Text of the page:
For orders and purchases placed through our online store on this site, we collect order details, name, institution name and address (if applicable), email address, phone number, shipping and billing addresses, credit/debit card information, shipping options and any instructions. We use this information to complete transactions, fulfill orders, communicate with individuals placing orders or visiting the online store, and for related purposes.


Pearson may offer opportunities to provide feedback or participate in surveys, including surveys evaluating Pearson products, services or sites. Participation is voluntary. Pearson collects information requested in the survey questions and uses the information to evaluate, support, maintain and improve products, services or sites, develop new products and services, conduct educational research and for other purposes specified in the survey.

Contests and Drawings

Occasionally, we may sponsor a contest or drawing. Participation is optional. Pearson collects name, contact information and other information specified on the entry form for the contest or drawing to conduct the contest or drawing. Pearson may collect additional personal information from the winners of a contest or drawing in order to award the prize and for tax reporting purposes, as required by law.


If you have elected to receive email newsletters or promotional mailings and special offers but want to unsubscribe, simply email information@informit.com.

Service Announcements

On rare occasions it is necessary to send out a strictly service related announcement. For instance, if our service is temporarily suspended for maintenance we might send users an email. Generally, users may not opt-out of these communications, though they can deactivate their account information. However, these communications are not promotional in nature.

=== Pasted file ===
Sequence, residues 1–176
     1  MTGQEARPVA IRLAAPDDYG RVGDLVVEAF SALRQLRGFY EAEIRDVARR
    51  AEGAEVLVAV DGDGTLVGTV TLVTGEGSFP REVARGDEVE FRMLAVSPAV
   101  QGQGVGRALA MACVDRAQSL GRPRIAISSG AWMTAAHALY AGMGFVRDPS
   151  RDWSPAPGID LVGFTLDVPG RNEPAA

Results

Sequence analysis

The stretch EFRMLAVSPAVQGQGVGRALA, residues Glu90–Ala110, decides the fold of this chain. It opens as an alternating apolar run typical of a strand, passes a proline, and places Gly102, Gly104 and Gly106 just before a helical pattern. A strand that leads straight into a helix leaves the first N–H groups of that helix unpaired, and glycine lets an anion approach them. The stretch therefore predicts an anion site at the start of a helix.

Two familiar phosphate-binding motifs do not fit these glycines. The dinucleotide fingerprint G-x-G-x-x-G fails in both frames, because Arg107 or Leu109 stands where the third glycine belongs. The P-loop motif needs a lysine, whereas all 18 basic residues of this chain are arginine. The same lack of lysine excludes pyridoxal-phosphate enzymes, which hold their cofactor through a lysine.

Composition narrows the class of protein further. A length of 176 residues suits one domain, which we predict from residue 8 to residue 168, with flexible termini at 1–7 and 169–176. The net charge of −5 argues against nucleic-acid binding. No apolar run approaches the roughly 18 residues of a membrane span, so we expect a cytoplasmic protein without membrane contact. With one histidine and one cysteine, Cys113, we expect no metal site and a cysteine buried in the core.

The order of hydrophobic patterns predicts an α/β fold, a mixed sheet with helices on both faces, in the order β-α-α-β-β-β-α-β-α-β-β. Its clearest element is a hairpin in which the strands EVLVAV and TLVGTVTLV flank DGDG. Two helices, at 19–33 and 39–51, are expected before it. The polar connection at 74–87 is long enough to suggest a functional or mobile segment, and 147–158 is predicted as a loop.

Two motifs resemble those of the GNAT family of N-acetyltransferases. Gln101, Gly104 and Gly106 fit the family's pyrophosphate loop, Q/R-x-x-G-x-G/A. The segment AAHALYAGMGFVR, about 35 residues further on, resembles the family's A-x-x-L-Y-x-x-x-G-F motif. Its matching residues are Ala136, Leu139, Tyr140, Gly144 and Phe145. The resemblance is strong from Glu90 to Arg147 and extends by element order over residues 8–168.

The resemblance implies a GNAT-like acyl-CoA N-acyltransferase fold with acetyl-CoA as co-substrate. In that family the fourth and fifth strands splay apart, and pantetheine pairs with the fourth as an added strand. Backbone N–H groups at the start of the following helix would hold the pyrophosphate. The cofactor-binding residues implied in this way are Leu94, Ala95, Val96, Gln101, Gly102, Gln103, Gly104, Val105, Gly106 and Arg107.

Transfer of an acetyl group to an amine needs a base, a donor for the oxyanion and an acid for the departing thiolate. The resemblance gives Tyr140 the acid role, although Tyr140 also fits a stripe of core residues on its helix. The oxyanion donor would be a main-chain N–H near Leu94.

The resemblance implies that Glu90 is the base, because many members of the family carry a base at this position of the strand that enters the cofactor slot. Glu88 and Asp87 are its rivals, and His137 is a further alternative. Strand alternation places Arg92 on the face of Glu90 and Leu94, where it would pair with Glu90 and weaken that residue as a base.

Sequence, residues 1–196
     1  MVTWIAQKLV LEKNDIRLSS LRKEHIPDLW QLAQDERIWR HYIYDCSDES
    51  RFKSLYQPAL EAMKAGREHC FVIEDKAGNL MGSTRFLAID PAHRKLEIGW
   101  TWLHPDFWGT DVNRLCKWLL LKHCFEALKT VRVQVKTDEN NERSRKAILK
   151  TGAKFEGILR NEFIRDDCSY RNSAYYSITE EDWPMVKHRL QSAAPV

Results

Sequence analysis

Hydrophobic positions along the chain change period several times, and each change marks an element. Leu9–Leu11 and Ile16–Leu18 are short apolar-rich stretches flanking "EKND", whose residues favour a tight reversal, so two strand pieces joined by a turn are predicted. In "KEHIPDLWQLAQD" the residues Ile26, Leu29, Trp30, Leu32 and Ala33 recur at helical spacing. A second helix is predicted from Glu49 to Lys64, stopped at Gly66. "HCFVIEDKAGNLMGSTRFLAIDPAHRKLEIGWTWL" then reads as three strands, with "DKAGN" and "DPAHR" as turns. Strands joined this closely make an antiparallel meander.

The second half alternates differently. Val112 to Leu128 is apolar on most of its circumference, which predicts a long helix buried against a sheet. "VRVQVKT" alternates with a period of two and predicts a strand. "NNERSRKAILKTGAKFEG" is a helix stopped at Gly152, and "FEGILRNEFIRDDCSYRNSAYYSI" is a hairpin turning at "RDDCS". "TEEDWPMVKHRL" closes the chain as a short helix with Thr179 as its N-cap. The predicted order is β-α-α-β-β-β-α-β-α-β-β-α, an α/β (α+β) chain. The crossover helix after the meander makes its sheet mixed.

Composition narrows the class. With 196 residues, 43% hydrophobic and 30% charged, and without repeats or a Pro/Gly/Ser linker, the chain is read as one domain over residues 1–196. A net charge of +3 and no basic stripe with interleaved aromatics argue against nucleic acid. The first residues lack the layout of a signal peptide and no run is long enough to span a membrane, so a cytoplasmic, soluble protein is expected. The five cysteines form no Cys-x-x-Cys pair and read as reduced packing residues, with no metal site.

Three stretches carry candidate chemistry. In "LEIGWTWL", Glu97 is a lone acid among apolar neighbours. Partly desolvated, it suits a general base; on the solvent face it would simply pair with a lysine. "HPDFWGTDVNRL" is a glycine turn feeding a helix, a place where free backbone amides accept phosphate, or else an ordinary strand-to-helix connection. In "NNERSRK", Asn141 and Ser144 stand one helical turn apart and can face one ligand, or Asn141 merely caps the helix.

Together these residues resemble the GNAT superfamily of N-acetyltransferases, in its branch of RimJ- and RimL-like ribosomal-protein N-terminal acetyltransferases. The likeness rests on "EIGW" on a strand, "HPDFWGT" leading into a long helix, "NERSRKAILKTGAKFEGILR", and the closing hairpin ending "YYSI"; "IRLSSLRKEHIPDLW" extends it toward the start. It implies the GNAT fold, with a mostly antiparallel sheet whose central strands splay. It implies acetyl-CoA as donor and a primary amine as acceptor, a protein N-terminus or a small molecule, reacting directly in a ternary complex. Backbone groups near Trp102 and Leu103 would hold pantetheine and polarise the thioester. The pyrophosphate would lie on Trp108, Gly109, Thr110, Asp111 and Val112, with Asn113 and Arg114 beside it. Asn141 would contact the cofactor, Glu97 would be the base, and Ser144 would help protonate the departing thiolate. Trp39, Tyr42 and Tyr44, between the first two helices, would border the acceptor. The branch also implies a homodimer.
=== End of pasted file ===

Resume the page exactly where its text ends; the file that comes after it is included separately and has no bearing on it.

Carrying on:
Customer Service

We communicate with users on a regular basis to provide requested services and in regard to issues relating to their account we reply via email or phone in accordance with the users' wishes when a user submits their information through our Contact Us form.

Other Collection and Use of Information

Application and System Logs

Pearson automatically collects log data to help ensure the delivery, availability and security of this site. Log data may include technical information about how a user or visitor connected to this site, such as browser type, type of computer/device, operating system, internet service provider and IP address. We use this information for support purposes and to monitor the health of the site, identify problems, improve service, detect unauthorized access and fraudulent activity, prevent and respond to security incidents and appropriately scale computing resources.

Web Analytics